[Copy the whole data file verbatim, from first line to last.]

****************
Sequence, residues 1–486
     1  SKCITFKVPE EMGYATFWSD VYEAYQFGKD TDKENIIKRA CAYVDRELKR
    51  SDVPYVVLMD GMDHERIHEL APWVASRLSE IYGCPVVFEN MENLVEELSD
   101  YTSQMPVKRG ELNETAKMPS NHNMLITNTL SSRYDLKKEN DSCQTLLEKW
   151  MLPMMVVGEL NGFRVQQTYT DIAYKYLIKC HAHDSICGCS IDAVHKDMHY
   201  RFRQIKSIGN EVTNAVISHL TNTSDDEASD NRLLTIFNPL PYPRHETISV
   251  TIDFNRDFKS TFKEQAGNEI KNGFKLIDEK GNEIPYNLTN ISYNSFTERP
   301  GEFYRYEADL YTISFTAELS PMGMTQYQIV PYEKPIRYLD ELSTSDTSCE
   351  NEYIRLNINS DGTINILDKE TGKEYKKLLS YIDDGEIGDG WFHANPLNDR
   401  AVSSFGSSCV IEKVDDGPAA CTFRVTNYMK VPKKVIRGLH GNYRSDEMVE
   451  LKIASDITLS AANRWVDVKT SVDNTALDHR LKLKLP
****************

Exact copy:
Sequence, residues 1–486
     1  SKCITFKVPE EMGYATFWSD VYEAYQFGKD TDKENIIKRA CAYVDRELKR
    51  SDVPYVVLMD GMDHERIHEL APWVASRLSE IYGCPVVFEN MENLVEELSD
   101  YTSQMPVKRG ELNETAKMPS NHNMLITNTL SSRYDLKKEN DSCQTLLEKW
   151  MLPMMVVGEL NGFRVQQTYT DIAYKYLIKC HAHDSICGCS IDAVHKDMHY
   201  RFRQIKSIGN EVTNAVISHL TNTSDDEASD NRLLTIFNPL PYPRHETISV
   251  TIDFNRDFKS TFKEQAGNEI KNGFKLIDEK GNEIPYNLTN ISYNSFTERP
   301  GEFYRYEADL YTISFTAELS PMGMTQYQIV PYEKPIRYLD ELSTSDTSCE
   351  NEYIRLNINS DGTINILDKE TGKEYKKLLS YIDDGEIGDG WFHANPLNDR
   401  AVSSFGSSCV IEKVDDGPAA CTFRVTNYMK VPKKVIRGLH GNYRSDEMVE
   451  LKIASDITLS AANRWVDVKT SVDNTALDHR LKLKLP